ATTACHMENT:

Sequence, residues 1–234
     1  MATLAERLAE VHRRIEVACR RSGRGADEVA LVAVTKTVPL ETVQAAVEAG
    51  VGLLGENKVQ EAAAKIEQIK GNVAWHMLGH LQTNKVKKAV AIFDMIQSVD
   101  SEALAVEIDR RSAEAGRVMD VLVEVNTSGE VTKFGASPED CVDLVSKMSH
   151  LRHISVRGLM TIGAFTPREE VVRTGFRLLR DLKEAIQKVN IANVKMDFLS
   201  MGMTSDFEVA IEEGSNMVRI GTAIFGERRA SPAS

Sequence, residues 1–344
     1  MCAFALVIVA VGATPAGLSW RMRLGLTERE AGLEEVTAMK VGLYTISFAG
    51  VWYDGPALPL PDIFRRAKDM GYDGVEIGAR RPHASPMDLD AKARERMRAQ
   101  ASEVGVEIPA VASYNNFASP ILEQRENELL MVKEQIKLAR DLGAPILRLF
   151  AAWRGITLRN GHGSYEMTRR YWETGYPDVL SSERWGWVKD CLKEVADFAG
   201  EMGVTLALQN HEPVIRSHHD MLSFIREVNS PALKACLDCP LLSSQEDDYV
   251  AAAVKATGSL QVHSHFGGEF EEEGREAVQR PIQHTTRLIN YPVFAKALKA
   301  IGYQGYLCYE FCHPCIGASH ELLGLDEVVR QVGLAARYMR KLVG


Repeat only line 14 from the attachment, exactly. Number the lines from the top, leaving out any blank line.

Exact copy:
   301  IGYQGYLCYE FCHPCIGASH ELLGLDEVVR QVGLAARYMR KLVG